Editorial: Demonstration of fake news' impact is important, but consider it carefully

If you were conscious during the first quarter of 2018, you no doubt were exposed to all sorts of sketchy, skewed, overblown or outright truthless political advertising spewing forth from the Illinois gubernatorial campaign. It was a truly shameless display of fakery designed to garner votes. But today, we're talking about a different type of fakery used to garner votes, and that is the placement of false news stories during the 2016 presidential campaign - and how it might have changed the outcome of the election.

A Washington Post story published in the Daily Herald this week delved into a study done by a group of researchers from Ohio State University that concluded fake news likely played a significant role in muffling Hillary Clinton's support in 2016.

It suggests a large percentage of Barack Obama's 2012 supporters were dissuaded from voting for Clinton because they believed one or more fake news stories that were in wide circulation at the time.

The authors of the study inserted three popular fake news stories - that Clinton had a serious illness, that Pope Francis endorsed Donald Trump and that Clinton had approved weapons sales to jihadists - into a 281-question survey that was given after the November 2016 election to 585 people who supported Obama in 2012.

Of that group, 23 percent said they did not vote for Clinton, deciding either to abstain or choose another candidate. About a quarter of the respondents believed at least one of the three stories, and among them, less than half - 45 percent - voted for Clinton. After controlling for a variety of demographic factors, the academics determined that belief in fake news accounted for 11 percent of the respondents' votes shifting away from Clinton.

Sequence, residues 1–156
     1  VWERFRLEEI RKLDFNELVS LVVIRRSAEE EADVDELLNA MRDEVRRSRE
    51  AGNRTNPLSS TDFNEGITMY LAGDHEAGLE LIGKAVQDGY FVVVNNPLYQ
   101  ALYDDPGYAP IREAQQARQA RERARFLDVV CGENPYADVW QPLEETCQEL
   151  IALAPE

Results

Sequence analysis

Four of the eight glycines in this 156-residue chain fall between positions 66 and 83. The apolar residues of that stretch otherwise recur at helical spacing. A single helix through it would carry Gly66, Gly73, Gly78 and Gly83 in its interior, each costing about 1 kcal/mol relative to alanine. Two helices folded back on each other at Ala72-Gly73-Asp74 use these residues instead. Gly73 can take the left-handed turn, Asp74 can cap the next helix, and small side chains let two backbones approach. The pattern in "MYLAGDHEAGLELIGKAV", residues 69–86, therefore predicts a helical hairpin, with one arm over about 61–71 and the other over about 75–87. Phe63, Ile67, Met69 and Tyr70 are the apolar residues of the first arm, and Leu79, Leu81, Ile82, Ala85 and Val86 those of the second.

To this degree, the survey is valuable in its vivid demonstration that false stories can have a mass influence on voting - and presumably all kinds of choices people make.

But the conclusions the researchers go on to make - most notably that the study shows these fake news stories may have cost Clinton the election - deserve scrutiny themselves. For one thing, the researchers acknowledge that the study wasn't extensive or granular enough to suggest what might have happened in close votes in Michigan, Pennsylvania and Wisconsin. Yet, they conclude that the presence of those fake news stories accounted for much more than Trumps' less-than-one-percent margin of victory in those populous states. Discounting for a moment the small and imprecise sample surveyed, such conjecture might have some claim to plausibility, but, considering the lack of relevant detail, it must be recognized for what it is, conjecture - and as such is hardly more valuable than anyone's random guess regarding the specific impact on the election.

Perhaps even more troubling is the fact that the researchers made no attempt to provide a comparative analysis or study of Trump voters who may have seen false news stories damaging to his campaign. Without such comparative data to show the degree to which false news stories about Trump may have damaged his campaign or helped hers, more specific conclusions can only be considered speculation.

The Ohio State researchers stop short of saying their work shows false news stories may have cost Clinton enough votes to lose the election and wisely limit themselves to the conclusion that "exposure to fake news did have a significant impact on voting decisions."

It is disturbing enough to see confirmation of that simple observation. At the same time, failure to analyze the details of such research with the same critical scrutiny we apply to the fake news it aims to combat can make us just as vulnerable to manipulation.

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